Film Study: 4th and 2

We're cracking the lid back open on some of the most significant plays of the 2017 season, starting with UTSA's epic fourth and two stop in Waco that gave the Roadrunners their first P5 win in program history. Let's take a gander at the stop heard round 1604. 

The Situation

UTSA leads by seven, Baylor is driving, inside the Roadrunner 20 when fourth and two comes around. With just over two minutes to play in the 3rd quarter, Matt Rhule decides to roll the dice and go for it. UTSA's defense stifled Rhule's offense for almost three full quarters and after a loss to Liberty, Baylor needs a spark. UTSA is seeking its first ever win over a Power Five opponent and beating an in-state opponent could help define Frank Wilson's program. 


Baylor comes out in "22" personnel, two back, two tight ends, and one receiver. One of the tight ends is former Baylor basketballer Ish Wainwright who is playing in his second collegiate football game after making the transition to the gridiron. Converted linebacker Kyle Boyd is at fullback, and true freshman John Lovett is the back dotting the "I."

Anu Solomon is the quarterback, he's under-tall and spent most of his life in the shotgun for Rich Rod's Arizona spread offense. As a grad transfer, he's making his second start for Baylor, and in those two starts, he's probably tripled the number of snaps he took from under center.

UTSA is going heavy, six men on the line, blitzing, cutting down space, there are ten players within seven yards of the football. The Roadrunners deploy one corner and three safeties. On the interior, UTSA positions over 800 pounds of humanity to stop the run with King Newton joining Kevin Strong Jr. and Baylen Baker. They are all looking at a college football unicorn in Baylor's "I" formation. In short yardage against a heavy personnel package, the fullback, generally, takes you to the ball, so linebacker Josiah Tauaefa is keying him, so apparently are the safeties.  

The Play

At the snap, everyone, and I mean everyone, on UTSA's defense crashes the line of scrimmage. Baylor, perhaps anticipating that aggressiveness, runs the old play action to the tight end, initially a one receiver route with Wainwright sneaking out into the flat and at first it's open.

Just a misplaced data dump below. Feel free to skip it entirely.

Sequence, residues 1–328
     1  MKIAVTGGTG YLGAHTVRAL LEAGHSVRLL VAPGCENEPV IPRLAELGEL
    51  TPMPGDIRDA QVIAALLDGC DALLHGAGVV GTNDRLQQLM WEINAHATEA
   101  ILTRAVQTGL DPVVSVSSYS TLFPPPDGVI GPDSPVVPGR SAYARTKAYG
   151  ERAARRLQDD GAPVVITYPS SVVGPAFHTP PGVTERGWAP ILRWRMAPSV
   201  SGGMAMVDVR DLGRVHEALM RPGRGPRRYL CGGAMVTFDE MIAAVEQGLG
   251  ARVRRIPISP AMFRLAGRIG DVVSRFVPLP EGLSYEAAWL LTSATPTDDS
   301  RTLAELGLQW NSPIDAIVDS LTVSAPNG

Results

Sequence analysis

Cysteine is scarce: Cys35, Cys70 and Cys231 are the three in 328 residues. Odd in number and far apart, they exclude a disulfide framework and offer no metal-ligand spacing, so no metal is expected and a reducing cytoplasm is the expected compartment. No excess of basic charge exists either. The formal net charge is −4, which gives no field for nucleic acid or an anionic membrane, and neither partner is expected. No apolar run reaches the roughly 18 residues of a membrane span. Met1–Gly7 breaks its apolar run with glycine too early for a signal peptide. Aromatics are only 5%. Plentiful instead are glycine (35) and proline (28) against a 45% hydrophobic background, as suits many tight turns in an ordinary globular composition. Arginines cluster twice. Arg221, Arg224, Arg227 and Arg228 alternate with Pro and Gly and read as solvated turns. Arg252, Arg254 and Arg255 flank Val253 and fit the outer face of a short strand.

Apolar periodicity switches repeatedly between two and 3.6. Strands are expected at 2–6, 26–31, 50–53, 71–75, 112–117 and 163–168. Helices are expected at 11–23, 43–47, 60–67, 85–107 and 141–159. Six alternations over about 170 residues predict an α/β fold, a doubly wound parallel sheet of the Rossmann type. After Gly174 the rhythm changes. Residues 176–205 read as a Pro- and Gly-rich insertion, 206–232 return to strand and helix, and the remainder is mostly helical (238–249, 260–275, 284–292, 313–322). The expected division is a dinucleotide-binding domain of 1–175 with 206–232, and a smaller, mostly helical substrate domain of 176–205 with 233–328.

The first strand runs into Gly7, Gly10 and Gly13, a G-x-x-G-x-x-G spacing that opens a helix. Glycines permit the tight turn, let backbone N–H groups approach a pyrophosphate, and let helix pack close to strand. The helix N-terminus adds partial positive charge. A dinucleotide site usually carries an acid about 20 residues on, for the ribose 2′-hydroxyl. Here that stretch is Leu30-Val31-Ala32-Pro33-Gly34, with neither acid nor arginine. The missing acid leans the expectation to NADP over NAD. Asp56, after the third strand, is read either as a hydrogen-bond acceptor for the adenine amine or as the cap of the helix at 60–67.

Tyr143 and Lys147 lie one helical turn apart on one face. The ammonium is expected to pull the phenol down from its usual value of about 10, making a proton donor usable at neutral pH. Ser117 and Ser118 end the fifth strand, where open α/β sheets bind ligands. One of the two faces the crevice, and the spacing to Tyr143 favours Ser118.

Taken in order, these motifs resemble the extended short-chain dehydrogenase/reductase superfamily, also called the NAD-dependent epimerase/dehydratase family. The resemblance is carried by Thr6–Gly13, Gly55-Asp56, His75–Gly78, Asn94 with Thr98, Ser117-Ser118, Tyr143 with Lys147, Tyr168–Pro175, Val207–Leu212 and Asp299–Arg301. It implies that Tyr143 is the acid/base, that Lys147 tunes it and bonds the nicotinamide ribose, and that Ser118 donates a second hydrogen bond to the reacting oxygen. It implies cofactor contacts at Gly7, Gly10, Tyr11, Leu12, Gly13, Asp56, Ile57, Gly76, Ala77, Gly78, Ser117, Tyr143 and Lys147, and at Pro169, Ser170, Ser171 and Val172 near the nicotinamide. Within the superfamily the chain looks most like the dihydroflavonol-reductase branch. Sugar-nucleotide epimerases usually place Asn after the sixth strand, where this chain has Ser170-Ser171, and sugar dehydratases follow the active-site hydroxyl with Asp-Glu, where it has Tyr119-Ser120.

Timing is critical in these scheme plays. Chances are Solomon's run this action, under center play action, turning his back to the play, very few times. It's a stone-cold lock that Wainwright never ran this play for Scott Drew's basketball squad. The timing is off because when Solomon is ready to deliver the ball, Wainwright isn't looking and by the time Wainwright looks, Solomon has already double clutched. 

The play was close to delivering a crushing blow to the Roadrunners. The UTSA safeties, eager to make a game-winning stop, momentarily disregarded their man coverage responsibilities to get downhill. You can see Carl Austin's "oh crap" moment when he realizes that Wainwright's cleared and stacked both him and fellow UTSA defender Andrew Martel.

Wainwright ran free downfield, but Solomon wasn't comfortable making the throw. Part of that reason might have been the NBA Power Forward sized Marcus Davenport careening towards him, but Solomon eats the ball. 

Something interesting happens away from the boundary that once again could've ruined UTSA's evening in Waco. While the fullback, the tailback, and Wainwright went towards the boundary, the second tight end snuck out to the field side where no one was waiting for him. If Solomon had the presence of mind to set up instead of continuing into the boundary, his second tight end was all by himself. 

Instead, Marcus Davenport literally ragdolled the freshman Lovett, who was somehow given the task of blocking Davenport one on one. Solomon ends up in the Bermuda Triangle of Pain with La'Kel Bass, Josiah Tauaefa, and Davenport all closing to make an eight-yard tackle for loss. 

UTSA gets the ball on downs and holds on for a historic win in Waco. 

The Roundup...